To create this effect, Jennefer found a smocking specialist in the rag-trade district of Paris, who was mass producing baby dresses in this way. No one else had smocking machines at this time, since they were notoriously temperamental. Whilst making the piece, the level of tension had to be constantly adjusted from tighter to looser to allow for precise smocking. Each row had to be done separately, large pieces of fabric being fed into the machine by hand. If the levels were even slightly off, the whole piece had to be done again from scratch. The pieces were produced on a large scale, taking about one day to create each jacket.
Butterfly shoes. Alexander McQueen. Irere, S/S2003.
The first butterfly shoes were originally made with real butterflies from a specialist taxidermy shop. The heels were poured by hand in resin by atelier Goossens, famous for producing jewellery for Chanel. They proved too fragile, and the vivid colours of the real butterflies faded very quickly. Later the shoes for his Irere collection, which were mass produced, has butterflies made from small pipe cleaner rods and painted feathers, which Jennefer found in Devon. The heels were made in Italy by the Gucci group artisans, by melting two halves of Perspex together and sandwiching the feather butterflies in between.
A three-hundred plus archive of pairs of shoes forms an integral part of The Arc’s repertory. They are sought after for their originality and as representational pieces of 1990’s McQueen and Galliano. Galliano is known to have collaborate with Manolo Blahnik on shoes, and also later with Christian Louboutin.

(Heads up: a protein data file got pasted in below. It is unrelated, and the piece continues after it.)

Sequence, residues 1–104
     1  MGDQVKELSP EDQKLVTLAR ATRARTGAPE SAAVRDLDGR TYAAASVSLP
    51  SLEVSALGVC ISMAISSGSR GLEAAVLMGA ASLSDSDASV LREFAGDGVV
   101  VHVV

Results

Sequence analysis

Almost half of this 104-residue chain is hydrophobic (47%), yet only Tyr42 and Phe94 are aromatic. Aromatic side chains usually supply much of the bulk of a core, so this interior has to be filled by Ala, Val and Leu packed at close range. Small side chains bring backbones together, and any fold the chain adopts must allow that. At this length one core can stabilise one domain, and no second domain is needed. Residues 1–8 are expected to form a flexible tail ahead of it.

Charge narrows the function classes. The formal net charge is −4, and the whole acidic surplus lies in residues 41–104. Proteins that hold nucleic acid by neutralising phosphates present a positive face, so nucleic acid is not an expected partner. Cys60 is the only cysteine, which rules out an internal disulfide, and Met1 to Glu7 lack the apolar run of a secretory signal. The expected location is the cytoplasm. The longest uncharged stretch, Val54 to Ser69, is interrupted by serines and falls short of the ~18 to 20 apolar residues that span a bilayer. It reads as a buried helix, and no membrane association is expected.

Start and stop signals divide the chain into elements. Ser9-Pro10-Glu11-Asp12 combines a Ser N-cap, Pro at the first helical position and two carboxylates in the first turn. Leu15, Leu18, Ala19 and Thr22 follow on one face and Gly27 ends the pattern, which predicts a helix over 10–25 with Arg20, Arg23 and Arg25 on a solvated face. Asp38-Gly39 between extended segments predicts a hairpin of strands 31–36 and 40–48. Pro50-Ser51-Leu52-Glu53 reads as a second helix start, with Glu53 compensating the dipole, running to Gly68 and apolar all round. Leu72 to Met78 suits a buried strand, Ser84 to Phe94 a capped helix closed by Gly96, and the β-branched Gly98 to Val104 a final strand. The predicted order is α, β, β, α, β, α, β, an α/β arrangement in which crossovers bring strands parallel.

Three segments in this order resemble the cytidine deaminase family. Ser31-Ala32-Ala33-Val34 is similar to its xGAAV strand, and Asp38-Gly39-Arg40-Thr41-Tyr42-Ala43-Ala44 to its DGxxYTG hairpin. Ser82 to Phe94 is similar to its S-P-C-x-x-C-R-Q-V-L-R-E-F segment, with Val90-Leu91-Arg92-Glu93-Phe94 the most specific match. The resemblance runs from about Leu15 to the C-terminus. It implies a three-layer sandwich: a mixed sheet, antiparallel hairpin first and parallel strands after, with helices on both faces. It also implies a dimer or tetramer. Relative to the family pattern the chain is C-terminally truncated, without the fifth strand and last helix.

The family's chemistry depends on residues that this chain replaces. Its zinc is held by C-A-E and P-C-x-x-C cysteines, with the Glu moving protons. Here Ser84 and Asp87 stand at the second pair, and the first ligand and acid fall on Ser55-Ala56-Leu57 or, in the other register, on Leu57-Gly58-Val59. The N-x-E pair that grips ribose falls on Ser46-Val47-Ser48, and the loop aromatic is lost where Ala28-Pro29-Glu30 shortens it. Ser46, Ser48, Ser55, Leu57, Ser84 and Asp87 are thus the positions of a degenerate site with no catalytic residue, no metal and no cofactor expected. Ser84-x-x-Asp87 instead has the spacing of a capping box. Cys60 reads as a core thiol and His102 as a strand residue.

Jennefer’s passion for accessories manifested in her own line of hoes, Jenne O. This style of over-the-knee boot is names after the actress Juliette Lewis. Jennefer had an idea to approach illustrators she admired at a festival in Hackney 2005 to freely illustrate the prepared boot patterns she carried with her. She managed to convince five illustrators before making the actual boots. They were briefed on how to match up the drawings over the seams, as the patterns were flat. Most drawing were finished in a week. Three out of the five boots are displayed here.
Illustrators: Serge Seidlitz, David Cooper & Sarah Howell
A lot of research and preparation goes into creating a collection. Sometimes the inspirations come from historical references, such as the 17th century inspired Chopine shoes designed by Alexander McQueen for Givenchy. Or cherished backstage passes were kept from various shows were saved to keep the memories of those, albeit stressful, moments alive.
Jennefer could never part with any of her show passes. They span over the years of her career in the industry and the breadth of her involvement.
Chopine Shoes, Alexander McQueen for Givency, Eclect Dissect. A/W 1997
These shoes are referred to and lovingly named as the ‘Wacky Scientist’ by the design team. Part of a collection which was heavily inspired by the 16th and 17th centuries, the shoes are replicas from an old painting. Originally they were elevated slip-on clogs that would go over another pair of shoes, to protect the wearer from getting long skirts dirty. An artist was tasked to carve a shoe last in wood, in order for the shoes to be produced for the show only.